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Foetal kick charts are 'inaccurate'

16th October 2009

Irish researchers have questioned the value of foetal kick charts used to determine if a pregnancy is progressing well.

Baby Ward

The team from Cork University College Maternity Hospital says that the charts are inaccurate and should be discontinued.

While about 5% of doctors in the UK use them, they are more common in the Republic of Ireland and the US.

Instead of using the charts, which rely on the mother's perceptions and may lead to miscounts of a baby's movements, the Cork team recommend checking the foetal heart rate instead.

Pregnant women generally feel the baby move from 20 weeks and usually on a daily basis until birth but any reduction in movement often causes anxiety for the expectant mum and the GP with decreased movements for more than 24 hours a sign that the baby may be unwell.

Lead researcher Dr Julia Unterscheider said foetal kick charts did not compare well to more modern methods such as measuring the foetal heart rate with a cardiotocograph (CTG) and ultrasound.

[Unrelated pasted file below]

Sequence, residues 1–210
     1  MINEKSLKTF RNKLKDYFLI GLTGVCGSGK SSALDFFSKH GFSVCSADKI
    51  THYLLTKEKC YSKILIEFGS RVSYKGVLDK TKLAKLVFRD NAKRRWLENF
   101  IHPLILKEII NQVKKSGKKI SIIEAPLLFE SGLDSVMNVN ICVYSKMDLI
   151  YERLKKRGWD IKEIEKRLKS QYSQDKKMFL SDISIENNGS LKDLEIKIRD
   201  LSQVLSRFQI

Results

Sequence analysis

She said: “We suggest that a careful history and examination together with a CTG are used to confirm foetal wellbeing.

“Ultrasound evaluation is recommended when babies are at and beyond their due date, or when examination of the mother's abdomen suggest that the baby is small.”

The research was published in the journal The Obstetrician and Gynaecologist and followed an anonymous online questionnaire of 100 Irish obstetricians.

The Royal College of Obstetricians and Gynaecologists welcomed the study and said it was important to monitor babies’ movements.

 

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